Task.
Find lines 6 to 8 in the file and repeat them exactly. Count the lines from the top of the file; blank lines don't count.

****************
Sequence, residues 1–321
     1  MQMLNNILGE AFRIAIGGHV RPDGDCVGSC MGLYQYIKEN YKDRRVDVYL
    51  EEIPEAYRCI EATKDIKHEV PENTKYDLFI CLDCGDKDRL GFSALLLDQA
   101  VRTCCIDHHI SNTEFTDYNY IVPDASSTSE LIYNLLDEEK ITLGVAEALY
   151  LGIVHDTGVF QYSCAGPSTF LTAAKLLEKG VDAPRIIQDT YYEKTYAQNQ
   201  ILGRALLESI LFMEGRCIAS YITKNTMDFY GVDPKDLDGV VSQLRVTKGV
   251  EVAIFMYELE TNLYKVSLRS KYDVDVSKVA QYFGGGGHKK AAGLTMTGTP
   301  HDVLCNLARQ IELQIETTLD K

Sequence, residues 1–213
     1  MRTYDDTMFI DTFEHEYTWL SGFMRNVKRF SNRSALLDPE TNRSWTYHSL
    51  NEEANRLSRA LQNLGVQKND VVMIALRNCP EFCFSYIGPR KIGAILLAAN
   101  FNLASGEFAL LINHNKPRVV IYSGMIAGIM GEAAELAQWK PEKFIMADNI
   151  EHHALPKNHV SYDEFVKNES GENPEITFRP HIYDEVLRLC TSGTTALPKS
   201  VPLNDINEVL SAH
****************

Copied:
   201  ILGRALLESI LFMEGRCIAS YITKNTMDFY GVDPKDLDGV VSQLRVTKGV
   251  EVAIFMYELE TNLYKVSLRS KYDVDVSKVA QYFGGGGHKK AAGLTMTGTP
   301  HDVLCNLARQ IELQIETTLD K